But as the most significant purveyors of Central Asia’s Islamic civilization, Tajiks were seen by the Bolsheviks as representing an obsolete legacy that socialism aimed to overcome.

The Tajiks were virtually excluded from the massive social and political restructuring imposed on Central Asia during the early years of the Soviet Union, with most of their historical territory, including the fabled cities of Samarkand and Bukhara, being awarded to the Turkic-speaking Uzbeks who were seen as being more malleable.

Only as late as 1929 were the Tajiks given their own republic, consisting mostly of marginal, mountainous territory and deprived of any major urban centres.

Women in kerchiefs press against a metal fence.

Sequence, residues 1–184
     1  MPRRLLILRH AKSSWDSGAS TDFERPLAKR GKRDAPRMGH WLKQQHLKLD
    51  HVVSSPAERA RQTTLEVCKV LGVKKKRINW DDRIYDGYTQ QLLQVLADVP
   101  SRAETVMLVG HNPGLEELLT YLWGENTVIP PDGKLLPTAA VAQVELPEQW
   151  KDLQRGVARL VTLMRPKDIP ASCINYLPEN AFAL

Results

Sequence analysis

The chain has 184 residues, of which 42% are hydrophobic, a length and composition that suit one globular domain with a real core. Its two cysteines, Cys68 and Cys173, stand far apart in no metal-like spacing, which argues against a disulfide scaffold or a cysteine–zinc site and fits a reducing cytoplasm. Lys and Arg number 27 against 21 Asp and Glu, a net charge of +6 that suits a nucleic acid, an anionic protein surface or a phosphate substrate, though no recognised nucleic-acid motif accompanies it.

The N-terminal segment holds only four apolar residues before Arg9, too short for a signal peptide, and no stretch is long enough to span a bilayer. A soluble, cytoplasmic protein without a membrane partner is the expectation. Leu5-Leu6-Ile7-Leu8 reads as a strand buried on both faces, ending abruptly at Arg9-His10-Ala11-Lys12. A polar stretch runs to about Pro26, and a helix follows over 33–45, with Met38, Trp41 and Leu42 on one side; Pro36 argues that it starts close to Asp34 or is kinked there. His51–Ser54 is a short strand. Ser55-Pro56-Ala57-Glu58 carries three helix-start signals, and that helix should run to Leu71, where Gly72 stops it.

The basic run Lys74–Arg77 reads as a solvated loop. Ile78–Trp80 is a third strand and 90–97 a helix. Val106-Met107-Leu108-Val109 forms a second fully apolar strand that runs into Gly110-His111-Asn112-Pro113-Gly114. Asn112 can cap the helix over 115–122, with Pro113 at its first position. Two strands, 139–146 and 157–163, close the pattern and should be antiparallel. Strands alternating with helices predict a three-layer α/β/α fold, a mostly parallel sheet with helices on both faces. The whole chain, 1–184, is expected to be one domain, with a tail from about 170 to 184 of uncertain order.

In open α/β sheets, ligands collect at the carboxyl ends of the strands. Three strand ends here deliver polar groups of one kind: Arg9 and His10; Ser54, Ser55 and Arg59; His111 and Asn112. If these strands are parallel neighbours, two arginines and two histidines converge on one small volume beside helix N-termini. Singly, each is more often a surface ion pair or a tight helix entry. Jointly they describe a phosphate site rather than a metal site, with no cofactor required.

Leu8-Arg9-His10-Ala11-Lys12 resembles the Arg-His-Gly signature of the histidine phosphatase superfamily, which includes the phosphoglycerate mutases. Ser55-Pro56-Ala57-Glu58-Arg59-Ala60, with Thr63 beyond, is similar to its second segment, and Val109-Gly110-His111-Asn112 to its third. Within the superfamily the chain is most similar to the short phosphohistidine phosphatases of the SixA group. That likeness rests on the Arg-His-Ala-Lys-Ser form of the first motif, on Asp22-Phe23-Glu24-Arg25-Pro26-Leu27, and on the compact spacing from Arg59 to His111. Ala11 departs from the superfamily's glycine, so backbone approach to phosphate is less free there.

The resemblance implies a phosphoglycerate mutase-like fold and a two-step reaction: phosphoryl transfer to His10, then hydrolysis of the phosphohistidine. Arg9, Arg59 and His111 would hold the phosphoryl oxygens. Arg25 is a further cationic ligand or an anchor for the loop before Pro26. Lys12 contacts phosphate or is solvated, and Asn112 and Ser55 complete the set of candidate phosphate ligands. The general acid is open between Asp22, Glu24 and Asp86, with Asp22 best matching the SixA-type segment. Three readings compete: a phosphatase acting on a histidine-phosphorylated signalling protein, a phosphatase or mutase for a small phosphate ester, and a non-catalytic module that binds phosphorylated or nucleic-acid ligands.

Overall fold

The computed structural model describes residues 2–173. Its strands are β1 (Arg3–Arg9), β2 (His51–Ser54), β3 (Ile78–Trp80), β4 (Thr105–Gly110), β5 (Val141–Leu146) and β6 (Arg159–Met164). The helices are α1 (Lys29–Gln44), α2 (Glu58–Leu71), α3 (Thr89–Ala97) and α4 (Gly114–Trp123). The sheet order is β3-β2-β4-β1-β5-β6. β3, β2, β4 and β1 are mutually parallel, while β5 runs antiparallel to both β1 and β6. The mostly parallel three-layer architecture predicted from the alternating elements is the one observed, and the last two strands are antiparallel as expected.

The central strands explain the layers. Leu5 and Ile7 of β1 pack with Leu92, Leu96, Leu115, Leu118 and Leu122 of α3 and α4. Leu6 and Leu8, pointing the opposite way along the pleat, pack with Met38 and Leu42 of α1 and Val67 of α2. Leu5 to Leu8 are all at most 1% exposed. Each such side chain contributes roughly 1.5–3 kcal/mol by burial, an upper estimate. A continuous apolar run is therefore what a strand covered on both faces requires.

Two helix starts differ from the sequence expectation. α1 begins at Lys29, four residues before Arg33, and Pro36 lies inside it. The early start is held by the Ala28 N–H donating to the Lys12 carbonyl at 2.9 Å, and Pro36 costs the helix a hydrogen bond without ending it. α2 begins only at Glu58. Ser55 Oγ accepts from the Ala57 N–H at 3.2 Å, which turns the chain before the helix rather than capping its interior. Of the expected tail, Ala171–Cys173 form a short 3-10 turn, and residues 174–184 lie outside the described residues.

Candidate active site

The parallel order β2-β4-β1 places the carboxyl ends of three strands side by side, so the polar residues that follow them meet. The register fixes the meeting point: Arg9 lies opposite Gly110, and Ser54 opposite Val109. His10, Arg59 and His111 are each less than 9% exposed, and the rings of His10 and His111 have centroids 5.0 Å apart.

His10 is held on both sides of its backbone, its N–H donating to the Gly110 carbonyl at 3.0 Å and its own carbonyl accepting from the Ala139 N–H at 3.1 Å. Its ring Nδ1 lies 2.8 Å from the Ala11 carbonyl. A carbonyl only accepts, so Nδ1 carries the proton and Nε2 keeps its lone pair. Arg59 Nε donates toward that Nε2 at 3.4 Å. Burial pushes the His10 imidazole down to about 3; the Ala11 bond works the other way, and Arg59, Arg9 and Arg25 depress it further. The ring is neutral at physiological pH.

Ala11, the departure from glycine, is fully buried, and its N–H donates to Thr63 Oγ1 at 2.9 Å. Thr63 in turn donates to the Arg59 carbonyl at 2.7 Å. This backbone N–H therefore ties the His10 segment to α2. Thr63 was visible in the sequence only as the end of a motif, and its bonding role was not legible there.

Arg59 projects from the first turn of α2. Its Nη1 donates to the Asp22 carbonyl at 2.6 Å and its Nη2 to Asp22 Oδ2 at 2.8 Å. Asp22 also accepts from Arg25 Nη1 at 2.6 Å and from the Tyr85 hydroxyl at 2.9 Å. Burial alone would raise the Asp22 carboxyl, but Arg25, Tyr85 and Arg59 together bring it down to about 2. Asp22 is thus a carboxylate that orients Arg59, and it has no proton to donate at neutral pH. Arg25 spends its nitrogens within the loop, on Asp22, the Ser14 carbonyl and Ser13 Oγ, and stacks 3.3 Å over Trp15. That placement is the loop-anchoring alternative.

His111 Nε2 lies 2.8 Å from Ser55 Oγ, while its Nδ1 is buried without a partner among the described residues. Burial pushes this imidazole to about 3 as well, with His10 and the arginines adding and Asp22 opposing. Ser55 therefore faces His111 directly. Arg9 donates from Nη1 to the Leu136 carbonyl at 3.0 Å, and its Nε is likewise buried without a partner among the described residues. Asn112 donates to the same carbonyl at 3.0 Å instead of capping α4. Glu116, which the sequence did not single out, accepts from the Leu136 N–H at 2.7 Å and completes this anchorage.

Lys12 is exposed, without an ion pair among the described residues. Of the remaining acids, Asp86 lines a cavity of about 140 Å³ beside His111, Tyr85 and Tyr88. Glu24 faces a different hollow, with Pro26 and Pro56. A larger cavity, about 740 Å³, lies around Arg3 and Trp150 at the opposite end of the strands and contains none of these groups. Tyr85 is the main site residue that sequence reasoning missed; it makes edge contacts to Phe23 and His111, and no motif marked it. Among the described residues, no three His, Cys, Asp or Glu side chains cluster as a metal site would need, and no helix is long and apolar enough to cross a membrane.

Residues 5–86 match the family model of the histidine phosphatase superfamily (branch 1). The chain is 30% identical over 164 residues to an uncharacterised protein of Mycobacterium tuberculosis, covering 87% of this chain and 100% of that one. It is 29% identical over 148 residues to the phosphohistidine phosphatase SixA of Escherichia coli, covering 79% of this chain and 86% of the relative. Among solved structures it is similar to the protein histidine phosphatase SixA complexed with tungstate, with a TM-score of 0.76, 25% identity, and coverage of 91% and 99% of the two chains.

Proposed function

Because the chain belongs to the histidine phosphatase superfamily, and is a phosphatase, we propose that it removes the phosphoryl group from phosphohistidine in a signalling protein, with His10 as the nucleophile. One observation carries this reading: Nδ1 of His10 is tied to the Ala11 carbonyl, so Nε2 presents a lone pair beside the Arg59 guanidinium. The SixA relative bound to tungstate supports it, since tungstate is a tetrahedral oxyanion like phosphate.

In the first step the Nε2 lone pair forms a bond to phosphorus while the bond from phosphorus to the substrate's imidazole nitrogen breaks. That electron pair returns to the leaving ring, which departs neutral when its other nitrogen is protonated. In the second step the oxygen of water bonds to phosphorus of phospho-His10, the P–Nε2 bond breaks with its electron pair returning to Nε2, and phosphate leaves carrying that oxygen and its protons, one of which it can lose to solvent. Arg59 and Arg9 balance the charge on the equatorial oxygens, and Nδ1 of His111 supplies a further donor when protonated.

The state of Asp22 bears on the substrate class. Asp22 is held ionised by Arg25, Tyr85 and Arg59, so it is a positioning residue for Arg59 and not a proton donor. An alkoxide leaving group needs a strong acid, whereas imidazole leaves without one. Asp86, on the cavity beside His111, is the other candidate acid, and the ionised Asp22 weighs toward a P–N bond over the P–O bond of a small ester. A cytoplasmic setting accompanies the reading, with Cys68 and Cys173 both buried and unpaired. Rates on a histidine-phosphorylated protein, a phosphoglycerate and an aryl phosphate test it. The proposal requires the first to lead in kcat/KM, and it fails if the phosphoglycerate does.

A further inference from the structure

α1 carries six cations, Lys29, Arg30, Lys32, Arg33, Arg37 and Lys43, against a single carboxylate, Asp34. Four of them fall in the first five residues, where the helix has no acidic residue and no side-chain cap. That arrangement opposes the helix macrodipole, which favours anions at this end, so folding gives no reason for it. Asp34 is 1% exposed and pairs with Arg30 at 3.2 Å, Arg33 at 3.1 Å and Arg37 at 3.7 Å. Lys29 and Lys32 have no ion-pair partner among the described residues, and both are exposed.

In this 2006 photo, residents of Dosti, a town in southern Tajikistan, press against a fence seeking government compensation for damages caused by a strong earthquake.
(AP Photo/Sergei Grits)

Impoverished

Throughout the 20th century, the Tajik Soviet Socialist Republic was the most impoverished and underdeveloped region of the former Soviet Union, and it has retained that unfortunate status since independence in 1991.

From 1992-1997, the country was plunged into a devastating civil war that destroyed what infrastructure remained from the Soviet period. Since that time, Rahmon has used the threat of renewed civil conflict to vindicate his absolute rule.

The spectre of radical Islam emanating from neighbouring Afghanistan — where the Tajik population considerably outnumbers that of Tajikistan — has provided additional justification for Rahmon’s repressive policies.